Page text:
Home » The Dutch government coalition agreement: economic growth, better business climate and end of National Growth Fund

The Dutch government coalition agreement: economic growth, better business climate and end of National Growth Fund

After midnight, the politcal parties who reached an agreement for the formation of the new Dutch government PVV, VVD, NSC, and BBB presented the long-awaited coalition agreement. Key points are a significant reduction in the tax burden and a series of measures to make the Netherlands more attractive for businesses. The coalition is highly committed to economic prosperity and an improved business climate. The agreement promises to put a twist on current economic policy. Details will follow, but the intentions are clear: The Netherlands must become competitive again.

With their outline agreement, the coalition of PVV, VVD, NSC, and BBB aimed at an important goal: stimulating economic growth by lowering taxes and creating a more favorable business establishment climate. The parties are convinced that these measures will position the Netherlands as a leading player in the international economic arena.

Why this is important:

After months of waiting, the time has come. PVV, VVD, NSC, and BBB have come to a coalition agreement. IO highlights the most important points for you.

‘Hope, guts and pride’

The new coalition has indicated a desire to invest first before making cuts. With a planned increase of €7.4 billion in spending and a structural cut of €4.7 billion, the government’s financial contours are set. A maximum government balance of 2.8% of GDP and a public debt below 60% of GDP is targeted.

The coalition is ending the National Growth Fund. In the agreement, the parties talk about “phasing it out.” The first three rounds will still be fulfilled, but the fourth and fifth rounds will be dropped. It also talks about cuts in research funding. “Innovation” is mentioned ten times, of which four times in the agriculture and horticulture section. About Invest NL, the parties say the following: “InvestNL will be strengthened as an important vehicle for investment in innovation and in the potential of our economy.”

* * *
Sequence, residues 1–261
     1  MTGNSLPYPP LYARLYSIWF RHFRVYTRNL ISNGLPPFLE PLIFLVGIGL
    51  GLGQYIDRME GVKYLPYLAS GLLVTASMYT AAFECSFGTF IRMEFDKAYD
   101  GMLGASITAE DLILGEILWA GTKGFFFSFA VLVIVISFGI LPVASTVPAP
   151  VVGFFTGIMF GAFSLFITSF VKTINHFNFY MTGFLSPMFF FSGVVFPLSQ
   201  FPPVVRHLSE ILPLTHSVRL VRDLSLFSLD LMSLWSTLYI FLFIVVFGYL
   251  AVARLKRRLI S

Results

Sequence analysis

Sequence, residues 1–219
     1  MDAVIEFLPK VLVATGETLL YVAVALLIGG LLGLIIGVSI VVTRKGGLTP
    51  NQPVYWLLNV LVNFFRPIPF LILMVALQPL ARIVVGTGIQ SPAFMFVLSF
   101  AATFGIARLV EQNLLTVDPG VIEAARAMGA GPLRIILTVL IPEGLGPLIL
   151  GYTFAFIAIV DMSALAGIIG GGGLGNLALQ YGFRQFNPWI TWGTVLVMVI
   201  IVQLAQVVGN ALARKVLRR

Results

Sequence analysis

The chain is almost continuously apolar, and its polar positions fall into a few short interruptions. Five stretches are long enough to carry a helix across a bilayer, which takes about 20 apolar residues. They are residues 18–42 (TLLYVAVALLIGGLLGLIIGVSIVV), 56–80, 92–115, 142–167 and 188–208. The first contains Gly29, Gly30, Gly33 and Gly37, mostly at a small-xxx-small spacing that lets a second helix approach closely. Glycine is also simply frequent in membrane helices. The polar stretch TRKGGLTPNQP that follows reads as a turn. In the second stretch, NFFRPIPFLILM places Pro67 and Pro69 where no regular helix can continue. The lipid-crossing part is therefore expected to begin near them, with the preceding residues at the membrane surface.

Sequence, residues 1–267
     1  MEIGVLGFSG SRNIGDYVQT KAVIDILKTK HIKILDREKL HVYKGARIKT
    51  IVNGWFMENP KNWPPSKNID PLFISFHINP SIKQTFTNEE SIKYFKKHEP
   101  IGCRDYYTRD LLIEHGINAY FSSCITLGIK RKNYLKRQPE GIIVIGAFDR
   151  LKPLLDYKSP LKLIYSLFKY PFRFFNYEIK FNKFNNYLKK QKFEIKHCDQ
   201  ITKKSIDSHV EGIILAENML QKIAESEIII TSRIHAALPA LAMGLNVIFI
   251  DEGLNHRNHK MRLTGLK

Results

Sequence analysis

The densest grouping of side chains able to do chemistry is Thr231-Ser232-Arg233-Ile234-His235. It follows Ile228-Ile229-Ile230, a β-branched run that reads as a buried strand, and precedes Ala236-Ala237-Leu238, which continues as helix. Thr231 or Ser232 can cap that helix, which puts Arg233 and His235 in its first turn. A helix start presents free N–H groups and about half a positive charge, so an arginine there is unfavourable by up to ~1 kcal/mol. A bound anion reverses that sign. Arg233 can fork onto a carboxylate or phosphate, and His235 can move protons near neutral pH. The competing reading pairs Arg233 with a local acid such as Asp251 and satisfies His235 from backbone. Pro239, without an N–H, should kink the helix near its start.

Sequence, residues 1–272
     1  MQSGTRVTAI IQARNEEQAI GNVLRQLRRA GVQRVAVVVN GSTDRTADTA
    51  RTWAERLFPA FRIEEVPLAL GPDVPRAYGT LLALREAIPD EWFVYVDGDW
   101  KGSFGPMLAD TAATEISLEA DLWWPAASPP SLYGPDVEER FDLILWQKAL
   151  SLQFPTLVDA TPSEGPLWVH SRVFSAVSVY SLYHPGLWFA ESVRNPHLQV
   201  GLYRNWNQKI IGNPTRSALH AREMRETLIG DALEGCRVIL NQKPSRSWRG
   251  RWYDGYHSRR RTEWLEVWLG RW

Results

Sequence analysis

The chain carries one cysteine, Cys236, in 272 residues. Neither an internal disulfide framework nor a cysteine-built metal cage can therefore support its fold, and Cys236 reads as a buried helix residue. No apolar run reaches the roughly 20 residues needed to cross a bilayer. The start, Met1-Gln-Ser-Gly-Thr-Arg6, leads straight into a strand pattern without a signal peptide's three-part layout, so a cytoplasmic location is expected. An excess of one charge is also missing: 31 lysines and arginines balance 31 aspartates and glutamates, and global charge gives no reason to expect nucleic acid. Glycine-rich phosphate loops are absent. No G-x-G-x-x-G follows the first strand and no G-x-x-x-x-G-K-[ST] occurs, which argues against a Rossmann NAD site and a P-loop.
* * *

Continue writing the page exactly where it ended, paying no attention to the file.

Impact of fiscal measures

While the agreement is ambitious, specific details about the impact of these fiscal measures on the economy and society remain unknown. This raises questions about the scope of the positive effects envisioned by the coalition. Transparency in the form of detailed projections or impact analyses would be needed to paint the full picture of the proposed fiscal changes.

Furthermore, the agreement talks about the ambition to simplify and reform the tax system. However, what this reform will mean in concrete terms and within what time frame remains unclear. Clarity about the steps and timing is essential for citizens and businesses to prepare for the upcoming changes adequately.

Fiscal plans and labor market

Fiscal plans include an ambition to reform the tax system, the phasing out of the self-employed deduction, an increase in untaxed travel allowances, and the abolition of the income tax averaging scheme. For the labor market and income, there are plans for raising the minimum wage by 7.5% and a €3 billion tax cut, especially for low- and middle-income earners, working people, and families.

Vision for the future and climate

The coalition’s vision for the future includes a €35 billion climate and transition fund over the next 10 years. In energy and transportation, airline tickets will be taxed more heavily, and investments will be made to make aviation more sustainable. A “Pay by Use” system for all automobility will be introduced starting in 2030.

International position and defense

The coalition is committed to a leading role for the Netherlands within the European Union, with a focus on a decisive, economically strong, green, and secure union. Defense spending will be increased to meet NATO’s 2% standard, and the Netherlands will continue to support Ukraine against Russian aggression.

Timmermans and Jetten’s reactions

D66 leader and outgoing climate and energy minister Rob Jetten is “totally unimpressed” by the agreement. He finds the financial choices of the four parties and their consequences “completely unclear.” Jetten is also skeptical about the climate measures. “More manure and less nature, that will not make building homes easier,” he says. He, therefore, thinks that many promises of the four cannot be fulfilled.

Frans Timmermans, leader of the largest opposition party GL-PvdA, has the biggest objections to the financing of the plans.

“I think it is disastrous for workers and the government. It is built on quicksand. They want to feather directors and shareholders with cuts in healthcare and education. They’re not going to raise the minimum wage, and they’re going to shorten unemployment. I’m not going to say everything is bad they want to do, but when you see how they’re footing the bill, it’s bad for working people.”